I’m another Wench with a November 1st deadline, and it’s a lethal one, as the book, A Lady’s Secret, has just been moved from June to March 2008. Everyone wants everything yesterday! Plus my publisher’s sending me to a managers’ meeting for Books-a-Million next week and there’s things I want to prepare for that.
There’s lots to do in the garden, too, but most of it’s going to have to wait. It’s definitely fall here now, though, so the Kids are a memory of summer.
But reference books. Always fun. I’m not going to list the books to hand, because though they’re mostly great (some odd ones sneak in there!) they’re classic references and I don’t use them all the time. Instead, I’ve tried to list the ones I’ve used in the past weeks. A different sort of sample.
That’s a very poor quality picture of the shelves to hand, with my Aeron chair — bless it — and the back of my monitor. The big window spoiled the picture. I need to get another one. The facing wall is all bookcases. Happy sight.
Now I’m at the end of the writing of this book. I’ve just done a big read through, which led to some scenes being cut but new ones being required, so these are different books to the ones I might read early in the process. For example, The Empress of Pleasure: The Life and Adventures of Teresa Cornelys, by Judith Summer (Penguin Viking) is one I read months ago but which has affected A Lady’s Secret. Sometimes I like to have books close to hand as if they’re giving off an ambience even when unopened.
Here’s the back copy for A Lady’s Secret. (No cover yet.)
The nun and the rake!<br>
When Robin Fitzvitry, the fun-loving Earl of Huntersdown, encounters a cursing nun in a French inn, he can’t resist the mystery. He offers to help Sister Immaculata reach England, expecting only amusement on the tedious journey home from Versailles. Petra d’Avernio is not exactly a nun, though she has spent years in an Italian convent with her widowed mother. Her mother’s death has left her in danger and she must find the only person who might protect her—her true father, an English lord who does not even know she exists. This gorgeous young aristocrat will be a dangerous ally, but she’s glimpsed her pursuers and must race to the coast. She will resist him, use him, and eventually escape him with virtue and secrets intact. She hopes….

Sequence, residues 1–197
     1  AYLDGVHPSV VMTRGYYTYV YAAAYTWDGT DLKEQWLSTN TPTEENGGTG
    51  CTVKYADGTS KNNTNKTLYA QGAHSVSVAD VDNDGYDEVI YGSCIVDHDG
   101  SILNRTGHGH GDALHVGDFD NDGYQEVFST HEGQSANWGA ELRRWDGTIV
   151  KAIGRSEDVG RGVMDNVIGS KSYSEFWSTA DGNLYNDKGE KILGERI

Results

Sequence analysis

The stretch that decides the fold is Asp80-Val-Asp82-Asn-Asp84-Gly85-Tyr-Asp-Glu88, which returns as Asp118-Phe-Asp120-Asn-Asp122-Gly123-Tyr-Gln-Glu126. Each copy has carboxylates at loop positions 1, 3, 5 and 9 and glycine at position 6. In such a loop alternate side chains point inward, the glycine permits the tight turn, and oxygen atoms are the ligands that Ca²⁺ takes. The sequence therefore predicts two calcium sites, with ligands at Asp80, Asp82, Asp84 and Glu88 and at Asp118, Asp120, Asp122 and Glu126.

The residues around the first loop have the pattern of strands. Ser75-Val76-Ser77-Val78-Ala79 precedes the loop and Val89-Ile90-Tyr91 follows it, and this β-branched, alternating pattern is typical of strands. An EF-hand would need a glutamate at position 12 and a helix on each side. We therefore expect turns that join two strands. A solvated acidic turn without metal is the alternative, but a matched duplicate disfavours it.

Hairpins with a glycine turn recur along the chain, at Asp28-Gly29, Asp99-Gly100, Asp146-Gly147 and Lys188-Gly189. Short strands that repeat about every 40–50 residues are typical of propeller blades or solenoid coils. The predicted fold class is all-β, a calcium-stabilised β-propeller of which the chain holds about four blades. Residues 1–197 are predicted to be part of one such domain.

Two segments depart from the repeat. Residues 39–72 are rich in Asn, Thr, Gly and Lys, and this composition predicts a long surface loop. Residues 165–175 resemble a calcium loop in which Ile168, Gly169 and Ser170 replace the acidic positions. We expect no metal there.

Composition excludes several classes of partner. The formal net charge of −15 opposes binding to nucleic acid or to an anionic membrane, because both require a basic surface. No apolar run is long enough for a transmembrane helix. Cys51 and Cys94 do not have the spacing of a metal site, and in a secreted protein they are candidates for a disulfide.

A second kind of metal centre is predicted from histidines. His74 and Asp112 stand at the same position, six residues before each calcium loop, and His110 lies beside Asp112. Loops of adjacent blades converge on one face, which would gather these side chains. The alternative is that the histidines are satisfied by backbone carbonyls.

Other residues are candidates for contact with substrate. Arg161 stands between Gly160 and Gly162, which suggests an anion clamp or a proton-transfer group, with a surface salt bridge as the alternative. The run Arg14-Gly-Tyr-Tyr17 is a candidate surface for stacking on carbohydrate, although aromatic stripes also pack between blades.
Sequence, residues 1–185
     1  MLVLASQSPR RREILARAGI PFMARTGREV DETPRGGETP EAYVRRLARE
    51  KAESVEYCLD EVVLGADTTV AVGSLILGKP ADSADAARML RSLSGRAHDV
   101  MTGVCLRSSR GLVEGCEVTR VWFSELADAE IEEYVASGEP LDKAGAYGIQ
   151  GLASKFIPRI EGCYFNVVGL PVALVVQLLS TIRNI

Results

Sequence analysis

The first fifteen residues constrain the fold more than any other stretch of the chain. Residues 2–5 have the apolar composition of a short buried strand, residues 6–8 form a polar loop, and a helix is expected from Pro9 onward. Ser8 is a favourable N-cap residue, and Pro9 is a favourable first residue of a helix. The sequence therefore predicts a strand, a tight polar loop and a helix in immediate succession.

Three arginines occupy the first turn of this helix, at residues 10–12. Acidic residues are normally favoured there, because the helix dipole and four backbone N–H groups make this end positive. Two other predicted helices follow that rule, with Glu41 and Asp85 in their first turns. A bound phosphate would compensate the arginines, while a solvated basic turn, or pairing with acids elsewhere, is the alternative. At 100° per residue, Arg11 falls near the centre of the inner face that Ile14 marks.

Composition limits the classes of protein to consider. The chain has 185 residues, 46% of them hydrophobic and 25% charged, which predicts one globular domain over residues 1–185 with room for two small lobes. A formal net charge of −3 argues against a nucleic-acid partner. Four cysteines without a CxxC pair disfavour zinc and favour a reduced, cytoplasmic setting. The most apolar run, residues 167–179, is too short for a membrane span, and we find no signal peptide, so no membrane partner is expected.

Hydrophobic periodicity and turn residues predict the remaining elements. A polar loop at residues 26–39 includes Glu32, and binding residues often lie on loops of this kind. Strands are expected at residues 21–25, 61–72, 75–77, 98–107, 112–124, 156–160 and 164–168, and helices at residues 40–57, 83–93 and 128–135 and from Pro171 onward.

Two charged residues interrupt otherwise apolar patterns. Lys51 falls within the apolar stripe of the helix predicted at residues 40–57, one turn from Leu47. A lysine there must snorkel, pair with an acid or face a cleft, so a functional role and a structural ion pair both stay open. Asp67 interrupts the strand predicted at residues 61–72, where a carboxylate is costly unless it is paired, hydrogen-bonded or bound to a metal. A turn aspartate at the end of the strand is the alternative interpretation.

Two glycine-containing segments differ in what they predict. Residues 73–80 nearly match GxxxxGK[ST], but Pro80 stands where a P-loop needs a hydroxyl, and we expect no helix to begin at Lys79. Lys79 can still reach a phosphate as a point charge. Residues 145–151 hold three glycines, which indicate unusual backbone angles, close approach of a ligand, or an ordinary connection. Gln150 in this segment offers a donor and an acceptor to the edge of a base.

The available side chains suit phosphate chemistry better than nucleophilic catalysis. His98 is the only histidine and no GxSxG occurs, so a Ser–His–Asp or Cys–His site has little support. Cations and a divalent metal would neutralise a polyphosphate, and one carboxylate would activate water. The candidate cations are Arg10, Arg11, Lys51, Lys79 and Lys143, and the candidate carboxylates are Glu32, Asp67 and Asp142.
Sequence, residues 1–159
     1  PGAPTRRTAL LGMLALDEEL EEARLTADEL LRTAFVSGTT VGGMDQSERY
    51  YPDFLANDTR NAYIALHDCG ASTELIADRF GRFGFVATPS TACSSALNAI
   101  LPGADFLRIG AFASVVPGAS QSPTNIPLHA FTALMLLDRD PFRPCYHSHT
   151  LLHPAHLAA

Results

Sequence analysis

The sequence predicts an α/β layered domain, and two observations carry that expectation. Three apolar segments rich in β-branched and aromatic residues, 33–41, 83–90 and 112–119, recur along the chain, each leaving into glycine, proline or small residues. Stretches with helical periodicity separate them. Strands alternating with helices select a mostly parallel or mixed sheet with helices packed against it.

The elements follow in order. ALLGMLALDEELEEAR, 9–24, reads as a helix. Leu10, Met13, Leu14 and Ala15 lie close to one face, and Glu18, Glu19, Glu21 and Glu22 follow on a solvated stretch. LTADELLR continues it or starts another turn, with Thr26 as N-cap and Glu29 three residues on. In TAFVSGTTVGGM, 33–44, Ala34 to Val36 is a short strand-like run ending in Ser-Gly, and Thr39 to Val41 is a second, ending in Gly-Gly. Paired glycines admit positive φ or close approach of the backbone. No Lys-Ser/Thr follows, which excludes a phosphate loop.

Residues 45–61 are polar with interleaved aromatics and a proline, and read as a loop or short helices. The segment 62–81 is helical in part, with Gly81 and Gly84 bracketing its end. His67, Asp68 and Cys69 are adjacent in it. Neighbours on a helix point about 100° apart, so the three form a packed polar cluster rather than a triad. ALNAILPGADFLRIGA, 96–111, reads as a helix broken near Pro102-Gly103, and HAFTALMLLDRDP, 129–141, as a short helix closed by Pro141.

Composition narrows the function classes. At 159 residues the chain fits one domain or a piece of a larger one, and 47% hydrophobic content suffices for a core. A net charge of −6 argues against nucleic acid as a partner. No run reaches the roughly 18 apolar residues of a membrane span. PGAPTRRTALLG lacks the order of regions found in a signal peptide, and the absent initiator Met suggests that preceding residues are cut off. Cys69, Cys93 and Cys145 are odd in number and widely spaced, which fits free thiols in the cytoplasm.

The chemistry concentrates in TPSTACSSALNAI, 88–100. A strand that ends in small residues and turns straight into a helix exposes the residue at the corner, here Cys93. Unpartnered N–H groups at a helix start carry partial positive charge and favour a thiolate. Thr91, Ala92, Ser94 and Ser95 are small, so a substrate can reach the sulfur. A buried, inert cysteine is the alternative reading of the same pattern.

You’ll see it’s not surprising that there are quite a few map books in the list.
Harrap’s Concise French Dictionary. (This gives phrases as well as simple words.)
1976/7 AA Members’ Handbook. This has 10 miles to the inch road maps of Britain, which is useful for a large scale view. It also has sentimental value as it’s the last one we used before emigrating.
1998 AA Large Scale road map of Great Britain. (That’s a picture of a recent edition.) We bought this on a trip there in 2000, cheap because it was an old one, and I keep using it because the one I bought last year is much more poorly designed. This is a big book with 2.4 miles to the inch. It’s great for details, and also for names. It shows little villages and sometimes I get character names that are true to the area that way. Look for these from remainder houses. You can often get last year’s cheap.
Patterson’s Roads, 1829. This is a facsimile of a coaching guide. It’s well past my 1764 book date, but many of the basics about roads are still true.
The County Maps of Old England by Thomas Moule, and Town and City Maps of the British Isles, compiled by Ashley Bainton-Williams, both from Studio Editions. Some of these are Victoria, but I still find them useful. The county maps have topography.
So, too, do the maps in the 1950s edition of Chambers Encyclopedia, which often gives the answer, even in these internet days.
Slang Through The Ages, Jonathon Green.
Hoyles Games. (Many editions of this and related books, of course.)
Oxford Illustrated Dictionary.
The London Rich, Peter Thorold, St. Martin’s Press.
The Connoiseur’s Complete Guides.
(I also look at pictures a lot. This is a photo we took of the south downs in England.)
Argos Global Price Guide, 1995/6 This was a great cheap buy from a remainder place. It’s a huge book of antiques illustrated in full color. When I want inspiration for a pocket watch, ring, glassware, sword, I can generally find examples in this book.
Oh, and there’s also the OED, which my lovely local library makes available on line.
There you go, then. That’s what I’ve been dipping into. If you’ve dipped into any non-fiction books recently, tell me what they are. They don’t have to be research, or even historical.